- Once the legs dry, I added glue to the holes in the body and attach the legs to the body lining up the dowels with the holes created in sub-step 6.
- Finally, I wrapped the legs and lower body with masking tape to hold it all in place until dry.
Step 4: To Arms! to Arms!
The arms were created using two cucumbers.
- With the knife, I cut a hole in the sides of the upper pumpkin the diameter of the cucumbers. I angled the cuts so the cucumbers will point more forward than straight out.
- I inserted the arms.
- I did not glue them in yet. I still have some work to do to the arms later.
Step 5: Head for the Hills!
The head is made out of the spaghetti squash.
- Holding the squash horizontally, I determined the best side for the face.
- With the marker, I traced out the mouth.
- Now, using the knife, I carefully cut out the mouth. (Spaghetti squash skin is brittle and can crack easily.)
- Next, I lined up the head with the neck pipe. As before, I made a mental note of where the neck meets the squash.
- Again, with the knife, I carefully cut into the squash where the neck lined up.
- This time, I added generous amounts of glue to the pipe.
- Finally, I fit the head onto the PVC pipe (and stem).
- I set him off the side for the glue to properly dry.
Step 6: Paper Mache Monster
Alright I now have something that resembles a snowman made of pumpkins. Not too intimidating yet, but once I clean up the seams, it will look better.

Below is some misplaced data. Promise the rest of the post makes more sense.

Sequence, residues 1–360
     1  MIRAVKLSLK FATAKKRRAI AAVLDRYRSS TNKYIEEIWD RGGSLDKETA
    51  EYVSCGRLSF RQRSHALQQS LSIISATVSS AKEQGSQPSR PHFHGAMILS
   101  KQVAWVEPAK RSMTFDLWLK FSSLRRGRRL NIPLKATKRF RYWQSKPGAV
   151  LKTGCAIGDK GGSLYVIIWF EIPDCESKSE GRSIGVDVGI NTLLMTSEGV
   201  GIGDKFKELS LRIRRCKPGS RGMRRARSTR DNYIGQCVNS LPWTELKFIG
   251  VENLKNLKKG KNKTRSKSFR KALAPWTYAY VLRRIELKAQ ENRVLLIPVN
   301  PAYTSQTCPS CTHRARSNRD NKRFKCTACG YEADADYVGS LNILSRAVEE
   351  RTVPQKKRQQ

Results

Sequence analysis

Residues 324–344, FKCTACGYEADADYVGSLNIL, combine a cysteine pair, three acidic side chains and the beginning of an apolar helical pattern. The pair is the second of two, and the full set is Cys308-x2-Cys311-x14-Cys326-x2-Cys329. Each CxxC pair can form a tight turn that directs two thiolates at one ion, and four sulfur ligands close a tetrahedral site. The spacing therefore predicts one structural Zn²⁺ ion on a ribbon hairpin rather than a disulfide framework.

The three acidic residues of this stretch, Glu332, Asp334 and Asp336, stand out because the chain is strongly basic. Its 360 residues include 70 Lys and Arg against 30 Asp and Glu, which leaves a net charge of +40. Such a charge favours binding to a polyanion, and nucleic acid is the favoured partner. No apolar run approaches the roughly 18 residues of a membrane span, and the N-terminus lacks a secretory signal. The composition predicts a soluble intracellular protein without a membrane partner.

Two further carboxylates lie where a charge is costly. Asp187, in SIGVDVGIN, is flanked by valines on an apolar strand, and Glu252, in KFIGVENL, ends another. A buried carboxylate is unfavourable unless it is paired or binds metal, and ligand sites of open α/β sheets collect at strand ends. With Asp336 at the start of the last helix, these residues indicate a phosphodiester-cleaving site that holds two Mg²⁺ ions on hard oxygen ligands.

In this step the joints and seams will be covered with paper mache. If you don’t have paper mache, it can be made with equal parts flour and water mixed in a bowl.
- First, I tore the newspaper into strips.
- Next, I dipped the strips in the paper mache mixture. Careful not to make them too thickly coated.
- Then, I applied the coated strips to the legs where they meet the body. Overlapping and crossing with each layer.
- Applied more strips where the two pumpkins meet.
- Again, more strips at the neck.
- The great thing about the paper mache is it does not need to be smooth. It will mimic the rough scaly reptilian skin of the original King of the Monsters.
- Again, I set him off to the side to allow to dry.
Step 7: Telling Tails!
Gourdzilla still does not look fear inducing. He needs his great and terrible tail!
- To make the tail, I took the poster board and formed it into a long cone. The opening of the cone was just a little smaller than the larger pumpkin.
- I cut the opening so it is a circle shape instead of the uneven shape.
- Next, I lined it up on the backside of the lower pumpkin. More mental note taking. This time to see the length of the tail
- I cut a one inch hole in the back as low as possible. This is where more PVC pipe will be inserted. It acts as a stabilizer to keep Gourdzilla from tipping backwards. It will be hidden by the tail cone.
- Now, I inserted the pipe as far as it will fit. I noted of how much longer the pipe is than the tail cone.
- I removed the pipe and cut off the extra.
- Then, I re-insert the pipe all the way again.
- CAREFULLY, I tilted Gordzilla forward and slid the tail cone over the pipe all the way to the body.